L’Oréal-UNESCO celebrates Arab female scientists

To mark the International Day of Women and Girls in Science on Feb. 11, the Fondation L’Oréal and UNESCO hosted the first “For Women in Science Young Talents Awards Ceremony” for MENA. The event took place in the Dubai Exhibition Centre at Expo 2020 Dubai to honor and recognize 14 Arab female scientists from the MENA region for their groundbreaking research in the fields of life and environmental sciences, physical sciences, mathematics and computer sciences. This program is part of the L’Oréal-UNESCO’s global “For Women in Science” initiative that has recognized more than 3,900 phenomenal researchers and 122 laureates from more than 110 countries and regions since its inception in 1998.

The ceremony awarded a total of 14 young talents — five from various countries in the GCC, three from Egypt and six from Levant — in the PhD students and post-doctorate researchers categories, underscoring their role in solving today’s challenges as well as inspiring the future generation of females.

Since its inception in the region in 2010, the L’Oréal-UNESCO For Women in Science Young Talents program has awarded more than 160 female scientists and 11 laureates from MENA. Among them, 16 Arab female scientists have also won an additional international recognition through the “International Rising Talent” program.

The event also welcomed a group of panelists to discuss how Arab women scientists are breaking through barriers and inspiring the next generation of leaders and changemakers. The panelists included Dr. Nawal Al-Hosany, the permanent representative of the UAE to the International Renewable Energy Agency; Dr. Anna Paolini, director of UNESCO office in Doha and representative for the Gulf and Yemen; and Rana El-Chemaitelly, founder and CEO of “The Little Engineer.” The panel was moderated by Alexandra Palt, chief corporate responsibility officer and CEO of the Fondation L’Oréal.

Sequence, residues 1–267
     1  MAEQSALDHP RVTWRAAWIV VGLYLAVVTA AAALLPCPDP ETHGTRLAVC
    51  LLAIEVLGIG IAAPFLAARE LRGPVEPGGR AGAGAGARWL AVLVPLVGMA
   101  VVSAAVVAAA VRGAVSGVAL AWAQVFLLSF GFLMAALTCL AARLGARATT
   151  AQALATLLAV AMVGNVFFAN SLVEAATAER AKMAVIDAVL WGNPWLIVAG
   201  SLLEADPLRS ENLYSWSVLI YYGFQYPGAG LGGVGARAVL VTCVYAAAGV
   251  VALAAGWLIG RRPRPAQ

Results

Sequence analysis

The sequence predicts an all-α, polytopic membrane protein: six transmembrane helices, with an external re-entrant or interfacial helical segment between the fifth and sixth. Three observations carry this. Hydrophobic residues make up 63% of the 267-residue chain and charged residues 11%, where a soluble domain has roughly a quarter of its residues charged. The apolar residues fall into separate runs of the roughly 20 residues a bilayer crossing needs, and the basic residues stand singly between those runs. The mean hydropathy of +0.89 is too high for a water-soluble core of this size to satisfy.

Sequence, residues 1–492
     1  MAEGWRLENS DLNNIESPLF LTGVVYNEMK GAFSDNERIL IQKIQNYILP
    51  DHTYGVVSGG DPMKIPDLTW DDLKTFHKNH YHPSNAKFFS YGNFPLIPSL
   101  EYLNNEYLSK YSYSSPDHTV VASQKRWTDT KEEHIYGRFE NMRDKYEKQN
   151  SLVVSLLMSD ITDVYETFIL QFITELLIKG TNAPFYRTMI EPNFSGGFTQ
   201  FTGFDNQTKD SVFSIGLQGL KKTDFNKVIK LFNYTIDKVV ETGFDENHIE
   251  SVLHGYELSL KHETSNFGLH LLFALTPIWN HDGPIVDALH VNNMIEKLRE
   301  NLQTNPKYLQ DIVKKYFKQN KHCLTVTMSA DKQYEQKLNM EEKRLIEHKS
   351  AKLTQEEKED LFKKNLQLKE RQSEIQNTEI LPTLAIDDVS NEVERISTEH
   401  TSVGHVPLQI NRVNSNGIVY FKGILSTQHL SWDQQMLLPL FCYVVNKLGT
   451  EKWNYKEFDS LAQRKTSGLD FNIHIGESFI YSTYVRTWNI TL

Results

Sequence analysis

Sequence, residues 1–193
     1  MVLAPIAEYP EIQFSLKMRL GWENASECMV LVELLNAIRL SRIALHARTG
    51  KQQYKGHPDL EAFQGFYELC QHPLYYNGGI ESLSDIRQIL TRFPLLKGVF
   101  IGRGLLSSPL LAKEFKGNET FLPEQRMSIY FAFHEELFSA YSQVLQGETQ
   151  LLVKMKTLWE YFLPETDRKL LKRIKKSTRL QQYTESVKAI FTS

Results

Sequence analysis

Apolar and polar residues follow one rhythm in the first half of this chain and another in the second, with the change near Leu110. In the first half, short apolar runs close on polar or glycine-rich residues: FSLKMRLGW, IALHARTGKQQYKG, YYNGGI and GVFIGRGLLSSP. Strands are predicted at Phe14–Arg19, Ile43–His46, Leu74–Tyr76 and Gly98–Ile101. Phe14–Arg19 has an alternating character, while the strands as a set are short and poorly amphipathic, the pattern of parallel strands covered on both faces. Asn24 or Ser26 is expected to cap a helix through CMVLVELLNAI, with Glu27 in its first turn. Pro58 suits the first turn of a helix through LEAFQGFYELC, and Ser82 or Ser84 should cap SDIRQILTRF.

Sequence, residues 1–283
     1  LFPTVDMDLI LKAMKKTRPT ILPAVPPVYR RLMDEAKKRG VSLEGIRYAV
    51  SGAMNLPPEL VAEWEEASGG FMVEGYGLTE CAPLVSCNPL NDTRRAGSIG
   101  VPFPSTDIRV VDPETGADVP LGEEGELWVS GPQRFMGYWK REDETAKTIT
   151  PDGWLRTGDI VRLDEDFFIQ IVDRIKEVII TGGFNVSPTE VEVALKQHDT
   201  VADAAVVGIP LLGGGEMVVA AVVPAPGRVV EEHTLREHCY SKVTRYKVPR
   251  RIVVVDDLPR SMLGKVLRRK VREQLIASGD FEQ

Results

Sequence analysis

According to the latest UNESCO Science Report published in June 2021, although the number of women in scientific careers is increasing, reaching just over 33 percent of researchers worldwide, this evolution is still too slow.

In the various MENA countries, while gender parity is almost reached at the PhD level or at the start of a scientific career, there are still strong disparities to be observed depending on the countries and the disciplines. The glass ceiling remains a reality in research: The number of female researchers decreases as they access higher levels in their careers due to tremendous obstacles and barriers.

“L’Oréal and UNESCO have been great advocates for the contributions women are making to the STEM sector,” said Sarah bint Yousef Al-Amiri. “The 14 exceptional scientists being honored at this year’s event, the first to be held in our region, are drawn from a wide array of disciplines, from life and environmental sciences to mathematics and computer sciences. This is a reflection of both the breadth of talent in the Middle East and the increasing opportunities for women here to apply it.”

Source: L’Oréal-UNESCO celebrates Arab female scientists (arabnews.com)